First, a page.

Sat, 08 Sep 2001 12:56 -0700
From: Rusty Scalf
Today was a day of shopping and errands and I won't leave the flats of south Berkeley.
Yet it is apparent that a big push of Yellow Warblers is happening. There were six in Strawberry Creek Park and at least that many more feeding in residential foliage in the local neighborhood. One Orange-crowned Warbler as well.
Hmmmm.... Wonder what's going on at Pt. Reyes.
Reply #1 Subject Index
Baird's Sandpiper, Brewer's Sparrow
Sat, 8 Sep 2001 13:11:26 PDT
From: Steve Glover
This morning I birded Piper Slough at the north end of Bethel Island in eastern Contra Costa County. In a subsequent posting I will discuss a new access problem out there, but I want to have that as the feature of the email so that I might get as much response as possible.
Migrants this morning were fewer than a few days ago. Today there were only 4 Willow Flycatchers (low for this time of year), 10 Yellow Warblers, 4 Wilson's Warblers, a single Black-throated Gray Warbler that seemed to be the same bird present a few days ago, a Dark-eyed Junco (unusual here), 4 Pine Siskins (very unusual here), a Lesser Goldfinch (unusual here), and a continuing family of Blue Grosbeaks. Small groups of Tree Swallows were heading west all morning.
The new pond at the south end had a Baird's Sandpiper, a Semipalmated Plover, 23 dowitchers (1 Short-billed heard), a Western Sandpiper and 30 Black-necked Stilts. On the way back to the car I found a Brewer's Sparrow, a first for this site. The Baird's Sandpiper, the Semipalmated Plover and the Short-billed Dowitcher were also new for the site, thanks to the new pond.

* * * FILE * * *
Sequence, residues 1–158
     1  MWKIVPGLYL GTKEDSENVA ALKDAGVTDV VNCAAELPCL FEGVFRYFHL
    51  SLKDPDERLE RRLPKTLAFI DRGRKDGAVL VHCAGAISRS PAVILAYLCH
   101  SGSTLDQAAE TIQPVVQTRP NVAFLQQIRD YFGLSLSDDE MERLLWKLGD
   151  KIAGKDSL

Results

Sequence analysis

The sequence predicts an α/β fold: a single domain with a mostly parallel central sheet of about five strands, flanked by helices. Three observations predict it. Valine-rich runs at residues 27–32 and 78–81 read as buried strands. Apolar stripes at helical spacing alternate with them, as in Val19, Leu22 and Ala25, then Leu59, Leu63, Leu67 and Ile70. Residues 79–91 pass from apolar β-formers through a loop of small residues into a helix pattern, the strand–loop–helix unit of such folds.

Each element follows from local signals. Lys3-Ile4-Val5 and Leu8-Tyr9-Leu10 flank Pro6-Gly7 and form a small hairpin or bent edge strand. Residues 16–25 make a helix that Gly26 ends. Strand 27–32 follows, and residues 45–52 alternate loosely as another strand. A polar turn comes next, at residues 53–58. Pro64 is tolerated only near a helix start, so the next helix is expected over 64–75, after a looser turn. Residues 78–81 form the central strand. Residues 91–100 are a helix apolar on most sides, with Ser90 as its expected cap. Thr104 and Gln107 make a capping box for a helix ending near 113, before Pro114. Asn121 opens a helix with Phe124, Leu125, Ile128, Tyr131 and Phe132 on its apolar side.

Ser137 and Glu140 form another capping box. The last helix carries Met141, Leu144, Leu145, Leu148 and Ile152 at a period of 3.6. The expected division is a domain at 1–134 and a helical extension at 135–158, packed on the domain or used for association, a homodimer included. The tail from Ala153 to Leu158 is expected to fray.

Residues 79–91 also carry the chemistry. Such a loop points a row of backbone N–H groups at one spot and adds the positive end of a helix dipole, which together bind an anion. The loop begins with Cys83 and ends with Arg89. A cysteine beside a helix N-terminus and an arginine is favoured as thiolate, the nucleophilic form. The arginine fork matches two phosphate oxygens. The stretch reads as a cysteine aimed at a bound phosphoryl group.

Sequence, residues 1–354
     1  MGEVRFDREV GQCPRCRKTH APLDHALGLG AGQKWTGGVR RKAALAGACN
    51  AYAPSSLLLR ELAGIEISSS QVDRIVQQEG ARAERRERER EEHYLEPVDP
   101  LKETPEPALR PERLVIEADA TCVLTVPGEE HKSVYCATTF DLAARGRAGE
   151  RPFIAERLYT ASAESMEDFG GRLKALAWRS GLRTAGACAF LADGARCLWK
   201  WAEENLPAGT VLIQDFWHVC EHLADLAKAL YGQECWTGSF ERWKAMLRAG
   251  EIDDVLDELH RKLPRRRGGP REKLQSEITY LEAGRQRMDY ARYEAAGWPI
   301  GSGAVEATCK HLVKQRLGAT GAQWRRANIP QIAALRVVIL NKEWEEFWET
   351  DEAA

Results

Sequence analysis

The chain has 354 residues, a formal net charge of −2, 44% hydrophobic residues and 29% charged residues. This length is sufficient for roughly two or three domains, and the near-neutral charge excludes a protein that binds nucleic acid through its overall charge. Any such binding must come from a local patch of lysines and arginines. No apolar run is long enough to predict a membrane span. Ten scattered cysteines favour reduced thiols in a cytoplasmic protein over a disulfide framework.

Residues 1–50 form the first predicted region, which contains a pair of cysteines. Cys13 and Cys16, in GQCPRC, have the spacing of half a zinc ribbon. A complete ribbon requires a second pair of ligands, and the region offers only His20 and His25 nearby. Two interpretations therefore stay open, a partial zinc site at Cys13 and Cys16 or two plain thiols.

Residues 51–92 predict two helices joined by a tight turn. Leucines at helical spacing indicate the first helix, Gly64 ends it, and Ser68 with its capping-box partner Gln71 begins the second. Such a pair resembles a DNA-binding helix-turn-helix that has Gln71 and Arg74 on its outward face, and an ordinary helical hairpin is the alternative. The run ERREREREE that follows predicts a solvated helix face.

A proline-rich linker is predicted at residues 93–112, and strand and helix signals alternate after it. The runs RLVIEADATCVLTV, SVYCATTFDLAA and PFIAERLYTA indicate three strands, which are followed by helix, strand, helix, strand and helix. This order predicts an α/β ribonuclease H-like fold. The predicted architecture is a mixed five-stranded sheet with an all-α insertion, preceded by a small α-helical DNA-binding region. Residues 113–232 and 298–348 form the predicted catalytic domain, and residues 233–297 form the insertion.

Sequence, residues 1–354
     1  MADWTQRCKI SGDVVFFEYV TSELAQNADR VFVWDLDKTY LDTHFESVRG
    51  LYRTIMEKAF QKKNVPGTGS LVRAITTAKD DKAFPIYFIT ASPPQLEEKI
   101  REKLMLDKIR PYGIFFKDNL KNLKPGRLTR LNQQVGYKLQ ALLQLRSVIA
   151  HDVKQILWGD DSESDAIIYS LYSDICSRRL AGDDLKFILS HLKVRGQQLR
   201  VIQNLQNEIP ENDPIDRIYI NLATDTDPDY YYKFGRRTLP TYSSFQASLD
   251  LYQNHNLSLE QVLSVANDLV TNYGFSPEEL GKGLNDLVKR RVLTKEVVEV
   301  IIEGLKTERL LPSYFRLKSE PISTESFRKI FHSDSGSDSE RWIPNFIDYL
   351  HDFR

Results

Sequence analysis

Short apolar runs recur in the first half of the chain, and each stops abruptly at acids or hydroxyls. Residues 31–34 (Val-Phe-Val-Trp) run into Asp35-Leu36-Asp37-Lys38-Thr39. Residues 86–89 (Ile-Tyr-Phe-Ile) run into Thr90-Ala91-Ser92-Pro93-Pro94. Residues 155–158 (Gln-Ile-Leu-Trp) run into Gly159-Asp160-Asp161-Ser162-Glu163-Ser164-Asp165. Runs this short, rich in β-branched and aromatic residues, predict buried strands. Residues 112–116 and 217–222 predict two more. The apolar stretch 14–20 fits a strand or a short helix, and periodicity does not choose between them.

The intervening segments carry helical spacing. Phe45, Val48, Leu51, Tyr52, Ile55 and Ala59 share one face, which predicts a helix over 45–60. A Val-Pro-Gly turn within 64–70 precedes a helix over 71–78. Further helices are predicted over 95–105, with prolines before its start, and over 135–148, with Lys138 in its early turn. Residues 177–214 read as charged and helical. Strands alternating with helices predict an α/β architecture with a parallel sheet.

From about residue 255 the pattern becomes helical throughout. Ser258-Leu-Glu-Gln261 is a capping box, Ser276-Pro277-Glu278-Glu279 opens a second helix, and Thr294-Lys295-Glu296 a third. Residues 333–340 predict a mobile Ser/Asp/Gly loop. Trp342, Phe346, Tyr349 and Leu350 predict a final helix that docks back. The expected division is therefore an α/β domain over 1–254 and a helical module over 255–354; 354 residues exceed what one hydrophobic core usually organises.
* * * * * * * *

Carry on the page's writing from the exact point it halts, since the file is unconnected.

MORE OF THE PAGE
I stopped at Cifton Court Forebay on the way home in hopes of finding a Sabine's Gull or Long-tailed Jaeger but no luck. Of 16 Sterna terns the only 2 close enough to identify were Forster's Terns. There were also 2 Red-necked Phalaropes and a scaup that may have summered.
Access to Piper Slough / owner's rights
Sat, 8 Sep 2001 13:23:21 PDT
From: Steve Glover
This may be slightly off topic so I apologize ahead of time if it is. This morning I visited Piper Slough at the north end of Bethel Island in Contra Costa County, a pretty well-known site for Bay Area birders who are searching for Blue Grosbeak, Yellow-breasted Chat, Black-chinned Hummingbird, etc. This morning I was told by a man who says he is the landowner that I was on private property and that I would have to leave. He was extremely sarcastic, though I have to admit I was as well. My understanding in the past was that these levees were public property even though the land behind the levee wasn't. We have been visiting the site for well over ten years and have talked with several different people claiming to the the landowner as well as workers from the city of Bethel Island and have never had a problem. Fishermen have always been kept out, I think primarily because they damage the rip-rap but perhaps also because they have apparently planted marijuana out there in the past.
Anyway, I know this issue came up recently when the Smew was in nearby San Joaquin County. I'm hoping someone can provide me with good answers as to public access to levees or direct me to who it would be most helpful to contact. In the meantime I suppose it would be best for birders not to enter the property until we can establish whether the landowner does indeed have the rights he claims to have.
Perhaps it would be best to contact me privately [send e-mail to firstname.lastname@example.org] and if there are no complaints about this post being too off-topic I will post the results if anyone is interested.
Thanks in advance,
Reply #1 Subject Index
Re: Access to Piper Slough / owner's rights
Sat, 8 Sep 2001 21:03:44 PDT
From: Denise Wight